United States of America, Plaintiff-appellee, v. Norman Leon Vroman, Defendant-appellant, 997 F.2d 627 (9th Cir. 1993)Annotate this Case
Mark Rosenbush, San Francisco, CA, for defendant-appellant.
Rory K. Little, Asst. U.S. Atty., San Francisco, CA, for plaintiff-appellee.
Appeal from the United States District Court for the Northern District of California.
Before: GOODWIN, NORRIS, and RYMER, Circuit Judges.
Norman Vroman appeals the district court's denial of his motion for reconsideration of the court's initial denial of his motion "to modify and terminate" probation. See United States v. Vroman, 795 F. Supp. 324 (N.D. Cal. 1992). We vacate the district court's judgment because the court lacked jurisdiction over Vroman's motion.
Vroman was convicted by a jury of five counts of willfully failing to file tax returns in violation of 26 U.S.C. § 7203, and was sentenced to 17 months imprisonment to be followed by five years of probation. He immediately filed a notice of appeal, stating that he was appealing his conviction and sentence. Vroman did not challenge his sentence in his direct appeal. See United States v. Vroman, 975 F.2d 669 (9th Cir. 1992). In fact, Vroman did not even object to the imposition of probation at sentencing. Later, however, he chose to file a motion "to modify and terminate probation" while his direct appeal to the Ninth Circuit was pending. The district court entertained but denied this motion, as well as Vroman's motion for reconsideration. In denying Vroman's motions, the district court refused to follow language from United States v. Mitsubishi Int'l Corp., 677 F.2d 785, 788 (9th Cir. 1982) indicating that defendants generally have the right to refuse probation and elect a sentence of imprisonment; instead, the district court relied upon United States v. Thomas, 934 F.2d 840 (7th Cir. 1991), which held that convicted defendants do not have such a right. Vroman now appeals the district court's denial of his motion for reconsideration.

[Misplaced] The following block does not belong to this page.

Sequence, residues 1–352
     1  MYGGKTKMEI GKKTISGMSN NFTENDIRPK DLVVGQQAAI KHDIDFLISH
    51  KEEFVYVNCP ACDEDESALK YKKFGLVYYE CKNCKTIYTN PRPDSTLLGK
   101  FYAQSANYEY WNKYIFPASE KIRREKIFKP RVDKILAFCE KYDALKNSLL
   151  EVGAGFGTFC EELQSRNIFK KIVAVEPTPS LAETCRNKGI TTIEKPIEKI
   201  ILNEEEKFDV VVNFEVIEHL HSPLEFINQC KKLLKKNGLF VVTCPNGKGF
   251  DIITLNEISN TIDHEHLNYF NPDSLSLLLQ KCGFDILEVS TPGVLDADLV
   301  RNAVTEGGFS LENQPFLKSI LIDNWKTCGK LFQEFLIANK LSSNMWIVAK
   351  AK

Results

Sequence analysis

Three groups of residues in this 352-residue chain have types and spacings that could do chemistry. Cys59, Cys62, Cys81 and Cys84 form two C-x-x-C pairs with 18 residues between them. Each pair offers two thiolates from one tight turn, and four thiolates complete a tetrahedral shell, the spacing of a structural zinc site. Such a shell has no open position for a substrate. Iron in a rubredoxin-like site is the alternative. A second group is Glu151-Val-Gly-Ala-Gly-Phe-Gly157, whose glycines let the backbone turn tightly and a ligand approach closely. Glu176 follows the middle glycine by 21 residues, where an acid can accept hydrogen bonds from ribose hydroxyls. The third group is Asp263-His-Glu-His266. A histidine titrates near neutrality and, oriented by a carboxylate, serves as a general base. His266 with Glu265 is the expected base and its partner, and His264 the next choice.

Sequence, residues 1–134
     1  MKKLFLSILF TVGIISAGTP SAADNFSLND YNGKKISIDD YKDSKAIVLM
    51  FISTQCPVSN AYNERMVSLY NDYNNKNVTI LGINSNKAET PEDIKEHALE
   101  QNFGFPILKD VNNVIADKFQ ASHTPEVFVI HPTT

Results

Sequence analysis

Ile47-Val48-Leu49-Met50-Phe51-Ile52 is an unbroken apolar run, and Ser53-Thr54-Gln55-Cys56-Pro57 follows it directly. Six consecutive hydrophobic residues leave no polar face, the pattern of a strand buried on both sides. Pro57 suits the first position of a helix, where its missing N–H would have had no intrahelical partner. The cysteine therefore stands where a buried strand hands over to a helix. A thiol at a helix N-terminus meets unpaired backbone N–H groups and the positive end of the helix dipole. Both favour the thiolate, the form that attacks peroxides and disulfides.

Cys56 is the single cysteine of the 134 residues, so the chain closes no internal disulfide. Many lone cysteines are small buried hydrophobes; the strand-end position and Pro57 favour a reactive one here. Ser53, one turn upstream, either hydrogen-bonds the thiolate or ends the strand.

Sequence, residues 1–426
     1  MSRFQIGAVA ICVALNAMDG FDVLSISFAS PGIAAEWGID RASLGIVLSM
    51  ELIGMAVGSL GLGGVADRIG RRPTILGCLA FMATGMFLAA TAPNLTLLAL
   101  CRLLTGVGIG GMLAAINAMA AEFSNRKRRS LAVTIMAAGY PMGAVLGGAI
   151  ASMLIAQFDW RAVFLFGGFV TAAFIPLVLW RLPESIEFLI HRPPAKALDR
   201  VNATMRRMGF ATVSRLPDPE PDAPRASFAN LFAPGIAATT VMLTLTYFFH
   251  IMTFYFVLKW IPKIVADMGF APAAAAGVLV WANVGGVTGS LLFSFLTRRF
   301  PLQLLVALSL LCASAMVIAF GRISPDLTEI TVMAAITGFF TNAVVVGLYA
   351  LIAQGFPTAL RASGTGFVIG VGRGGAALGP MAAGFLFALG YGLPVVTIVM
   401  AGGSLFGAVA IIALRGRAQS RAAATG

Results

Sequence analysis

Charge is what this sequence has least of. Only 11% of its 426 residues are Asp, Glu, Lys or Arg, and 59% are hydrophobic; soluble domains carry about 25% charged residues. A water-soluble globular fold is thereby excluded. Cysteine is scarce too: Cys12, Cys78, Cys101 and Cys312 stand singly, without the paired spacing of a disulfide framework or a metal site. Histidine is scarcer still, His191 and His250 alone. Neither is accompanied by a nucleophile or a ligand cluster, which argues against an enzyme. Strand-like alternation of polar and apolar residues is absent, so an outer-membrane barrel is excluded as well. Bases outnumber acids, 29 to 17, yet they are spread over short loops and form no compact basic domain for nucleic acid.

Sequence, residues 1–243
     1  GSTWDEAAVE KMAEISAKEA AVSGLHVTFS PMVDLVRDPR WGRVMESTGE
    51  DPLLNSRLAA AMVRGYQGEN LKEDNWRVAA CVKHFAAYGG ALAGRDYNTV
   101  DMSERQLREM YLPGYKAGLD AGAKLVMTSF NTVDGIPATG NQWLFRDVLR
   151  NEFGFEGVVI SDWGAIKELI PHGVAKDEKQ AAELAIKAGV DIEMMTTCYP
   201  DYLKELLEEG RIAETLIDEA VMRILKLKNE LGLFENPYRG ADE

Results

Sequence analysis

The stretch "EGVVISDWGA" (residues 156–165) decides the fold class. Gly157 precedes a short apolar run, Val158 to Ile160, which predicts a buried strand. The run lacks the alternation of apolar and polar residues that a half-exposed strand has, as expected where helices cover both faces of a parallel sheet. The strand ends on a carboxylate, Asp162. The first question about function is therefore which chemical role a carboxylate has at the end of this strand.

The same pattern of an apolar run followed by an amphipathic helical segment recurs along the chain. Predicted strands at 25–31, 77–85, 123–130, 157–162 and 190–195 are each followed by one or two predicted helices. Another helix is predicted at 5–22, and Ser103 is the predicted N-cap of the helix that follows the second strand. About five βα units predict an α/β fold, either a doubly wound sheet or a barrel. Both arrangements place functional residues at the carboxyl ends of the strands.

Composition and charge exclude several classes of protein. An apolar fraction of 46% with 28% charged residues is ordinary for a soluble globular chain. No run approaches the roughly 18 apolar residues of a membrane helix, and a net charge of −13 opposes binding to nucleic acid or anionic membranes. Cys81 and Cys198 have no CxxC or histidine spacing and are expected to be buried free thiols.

The district court was without jurisdiction to respond to Vroman's motion for reconsideration because he filed it after having filed a notice of appeal. See Griggs v. Provident Consumer Discount Co., 459 U.S. 56, 58, 103 S. Ct. 400, 402, 74 L. Ed. 2d 225 (1982) (filing of notice of appeal "divests the district court of its control over the aspects of the case involved in the appeal"); see also United States v. Ortega-Lopez, 988 F.2d 70, 71 (9th Cir. 1993) ("district court is divested of jurisdiction once a notice of appeal has been filed from the original sentence").
The district court's judgment is therefore VACATED.
The panel unanimously finds this case suitable for submission on the record and briefs and without oral argument. Fed. R. App. P. 34(a); Ninth Circuit Rule 34-4